About the Author

Michael Doig is a science teacher, web developer, and avid traveler who lives in Brooklyn, NY.

Photoshop Tutorial – Spray Paint Overspray

When I first created the Graffiti Collection I kept running into problems matching text with the stencil images. The stencils had an overspray halo and I couldn’t seem to get the text to match it in Photoshop. After a bit of tweaking I think I’ve found a solution. To follow along you’ll need Photoshop, a stencil image to match, and some grunge brushes from The Design Bureau of Amerika (download them all, but we’ll only use set 01).

To start with I’ll be using this stencil of Einstein from the Graffiti Collection. I’ve cleaned up a lot of the overspray, but if you look around the outside and narrower parts of the stencil you will see the variations in the paint. This is what we are trying to match.


Create a new 500 X 500 file and drag the Einstein image into it while holding the shift and option keys. Next we’ll need to pick a font. I’m using Rafika 1.0 however there are lots of great stencil type fonts to choose from. Choose the type tool and type out Graffiti Collection using the settings below. Don’t forget to choose center text along the top.


Looking good, but this is where you begin to notice that the text looks out of place. We need to beat up the text, add the overspray, and match the color of the stencil and text.


Add a layer mask to the text layer and choose the brushes called dekonstruct_01 you downloaded from HowieZine. I used the two horizontal 570 pixel brushes, one faces up and one faces down.

Set your colors to black and white by pressing the d key. Grab the down facing brush and on the layer mask along the top edge of the word Graffiti click once. The brush should stretch along the whole word and you should only use the very edge of the brush to add some grunge to the edge of the words. Now add some more grunge to the rest of the text. Don’t go overboard, a little goes a long way.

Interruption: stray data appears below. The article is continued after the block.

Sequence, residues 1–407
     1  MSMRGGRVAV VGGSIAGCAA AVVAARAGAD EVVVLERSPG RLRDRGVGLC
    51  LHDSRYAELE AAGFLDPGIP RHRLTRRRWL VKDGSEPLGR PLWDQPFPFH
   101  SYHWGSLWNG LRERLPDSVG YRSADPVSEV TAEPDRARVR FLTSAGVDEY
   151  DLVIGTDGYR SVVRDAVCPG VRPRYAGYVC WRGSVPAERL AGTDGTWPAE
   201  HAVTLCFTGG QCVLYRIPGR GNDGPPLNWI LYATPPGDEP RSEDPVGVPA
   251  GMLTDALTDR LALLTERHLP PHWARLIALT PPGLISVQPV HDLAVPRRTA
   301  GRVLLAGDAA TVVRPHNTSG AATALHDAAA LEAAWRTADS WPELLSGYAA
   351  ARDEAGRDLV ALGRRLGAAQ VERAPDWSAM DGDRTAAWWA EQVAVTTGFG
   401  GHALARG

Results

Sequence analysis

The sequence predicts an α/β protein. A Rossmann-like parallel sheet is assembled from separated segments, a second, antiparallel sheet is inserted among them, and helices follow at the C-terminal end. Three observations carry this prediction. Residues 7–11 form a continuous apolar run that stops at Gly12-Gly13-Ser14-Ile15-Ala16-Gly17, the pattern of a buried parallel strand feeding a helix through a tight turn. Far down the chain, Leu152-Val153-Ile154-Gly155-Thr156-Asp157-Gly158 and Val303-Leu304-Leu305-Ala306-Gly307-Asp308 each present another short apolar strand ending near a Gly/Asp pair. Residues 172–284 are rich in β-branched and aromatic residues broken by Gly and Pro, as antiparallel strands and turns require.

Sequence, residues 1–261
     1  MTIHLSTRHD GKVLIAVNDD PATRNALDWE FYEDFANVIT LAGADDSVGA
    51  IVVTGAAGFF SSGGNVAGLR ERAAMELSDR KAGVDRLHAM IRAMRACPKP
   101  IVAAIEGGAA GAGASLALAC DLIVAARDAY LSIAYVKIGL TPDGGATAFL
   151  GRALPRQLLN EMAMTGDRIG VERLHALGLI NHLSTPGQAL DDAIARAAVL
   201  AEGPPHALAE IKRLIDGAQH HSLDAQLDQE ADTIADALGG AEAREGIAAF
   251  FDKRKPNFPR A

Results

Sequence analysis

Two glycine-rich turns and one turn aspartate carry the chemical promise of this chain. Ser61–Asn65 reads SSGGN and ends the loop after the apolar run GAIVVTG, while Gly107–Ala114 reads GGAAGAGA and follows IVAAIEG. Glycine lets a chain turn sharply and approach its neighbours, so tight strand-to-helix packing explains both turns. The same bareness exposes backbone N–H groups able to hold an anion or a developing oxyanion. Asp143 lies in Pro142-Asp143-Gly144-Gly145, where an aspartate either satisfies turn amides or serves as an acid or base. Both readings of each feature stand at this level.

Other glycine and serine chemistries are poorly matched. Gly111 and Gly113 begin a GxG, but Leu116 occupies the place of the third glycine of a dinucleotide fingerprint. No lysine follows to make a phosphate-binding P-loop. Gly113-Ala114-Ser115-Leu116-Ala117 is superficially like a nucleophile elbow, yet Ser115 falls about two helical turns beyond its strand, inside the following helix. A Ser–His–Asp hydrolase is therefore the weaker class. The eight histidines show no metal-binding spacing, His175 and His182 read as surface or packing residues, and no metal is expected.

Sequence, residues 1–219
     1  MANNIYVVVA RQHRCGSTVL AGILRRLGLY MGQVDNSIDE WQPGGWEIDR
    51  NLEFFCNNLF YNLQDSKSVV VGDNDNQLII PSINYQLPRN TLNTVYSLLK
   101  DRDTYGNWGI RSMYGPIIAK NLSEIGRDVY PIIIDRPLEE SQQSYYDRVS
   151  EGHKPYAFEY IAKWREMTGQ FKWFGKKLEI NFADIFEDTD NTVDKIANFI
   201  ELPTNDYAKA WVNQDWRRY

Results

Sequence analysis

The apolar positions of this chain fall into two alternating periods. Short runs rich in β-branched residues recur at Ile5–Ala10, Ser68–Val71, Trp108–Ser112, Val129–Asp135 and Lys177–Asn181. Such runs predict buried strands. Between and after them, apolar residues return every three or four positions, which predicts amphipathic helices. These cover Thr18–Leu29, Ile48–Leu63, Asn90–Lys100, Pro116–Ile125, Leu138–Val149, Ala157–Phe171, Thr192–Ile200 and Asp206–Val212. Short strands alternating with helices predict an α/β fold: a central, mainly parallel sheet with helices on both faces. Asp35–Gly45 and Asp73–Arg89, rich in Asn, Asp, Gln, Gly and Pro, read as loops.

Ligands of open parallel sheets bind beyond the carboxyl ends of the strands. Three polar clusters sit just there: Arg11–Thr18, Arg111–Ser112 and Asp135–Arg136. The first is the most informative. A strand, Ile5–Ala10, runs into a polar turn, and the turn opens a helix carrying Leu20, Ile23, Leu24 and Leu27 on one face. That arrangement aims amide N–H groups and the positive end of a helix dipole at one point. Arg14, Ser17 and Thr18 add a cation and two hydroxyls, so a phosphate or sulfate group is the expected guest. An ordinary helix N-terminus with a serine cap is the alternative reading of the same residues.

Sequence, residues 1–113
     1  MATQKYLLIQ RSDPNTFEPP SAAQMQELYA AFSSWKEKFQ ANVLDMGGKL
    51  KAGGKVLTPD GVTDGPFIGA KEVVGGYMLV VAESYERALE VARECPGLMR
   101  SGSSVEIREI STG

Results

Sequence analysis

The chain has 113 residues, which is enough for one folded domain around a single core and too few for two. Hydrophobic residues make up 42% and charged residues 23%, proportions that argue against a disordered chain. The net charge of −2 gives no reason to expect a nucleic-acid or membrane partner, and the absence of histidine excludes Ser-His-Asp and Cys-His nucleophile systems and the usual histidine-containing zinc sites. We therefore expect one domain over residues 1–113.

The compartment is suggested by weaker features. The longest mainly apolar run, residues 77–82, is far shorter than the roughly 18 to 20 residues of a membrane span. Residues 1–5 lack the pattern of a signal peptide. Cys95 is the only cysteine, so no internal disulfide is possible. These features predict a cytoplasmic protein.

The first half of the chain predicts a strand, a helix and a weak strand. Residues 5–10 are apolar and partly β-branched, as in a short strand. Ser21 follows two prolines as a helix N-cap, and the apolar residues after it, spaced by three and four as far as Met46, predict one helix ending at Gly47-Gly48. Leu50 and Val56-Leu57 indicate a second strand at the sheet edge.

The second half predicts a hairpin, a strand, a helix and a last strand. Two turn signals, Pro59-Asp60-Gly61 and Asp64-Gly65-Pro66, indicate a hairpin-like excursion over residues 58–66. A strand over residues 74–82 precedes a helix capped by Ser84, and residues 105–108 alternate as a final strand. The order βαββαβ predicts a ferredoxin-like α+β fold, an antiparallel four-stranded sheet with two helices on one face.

Next command click on the text to make a selection and expand it by 2px. On a new layer fill it with black and move it below the text layer. Lower the opacity to 60% and add a 10px gaussian blur. Then add 12px of noise and blur again using a 1px gaussian blur. Using a vertical grunge brush go across the overspray layer and erase various parts. It should now look like this.


Now we need to adjust the levels and opacity of the layers to match. Add a levels adjustment layer to the Einstein layer and option click between the layers to link the adjustment layer to the Einstein layer. We want to make the stencil darker to match the text. Adjust the levels until the image begins to match. These are my settings.


Next drop the opacity of the text layer to 85% and the opacity of the overspray to 40%. Now we’re here.


The only thing left to do now is adjust the levels for the entire image. For the grunge/organic look to work there should be no pure blacks. If you group all the layers together into a layer set and add another levels adjustment layer you can adjust the levels until you get the desired look. For a final touch you can take one of the long brushes and add borders to the image, but be sure they are in the layer set so the levels adjustment affect them as well. This is my final image. It could use a little more tweaking, but you get the idea.


To wrap up, the lessons learned when dealing with matching real images with photoshop are that gaussian blur, noise, levels, and opacity are your friends. Sometimes it’s the basics that will make an image work. If you have any questions or comments, please post them.